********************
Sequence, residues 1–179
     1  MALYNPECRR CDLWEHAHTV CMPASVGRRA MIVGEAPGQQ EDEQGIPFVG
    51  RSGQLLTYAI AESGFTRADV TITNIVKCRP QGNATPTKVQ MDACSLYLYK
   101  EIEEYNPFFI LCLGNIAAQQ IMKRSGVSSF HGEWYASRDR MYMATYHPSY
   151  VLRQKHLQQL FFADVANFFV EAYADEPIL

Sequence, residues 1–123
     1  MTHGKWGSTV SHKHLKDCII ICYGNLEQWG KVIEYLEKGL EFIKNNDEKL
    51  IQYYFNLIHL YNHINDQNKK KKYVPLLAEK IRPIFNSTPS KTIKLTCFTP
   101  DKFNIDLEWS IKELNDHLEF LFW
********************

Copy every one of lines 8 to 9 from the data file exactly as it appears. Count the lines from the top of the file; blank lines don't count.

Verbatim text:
    51  IQYYFNLIHL YNHINDQNKK KKYVPLLAEK IRPIFNSTPS KTIKLTCFTP
   101  DKFNIDLEWS IKELNDHLEF LFW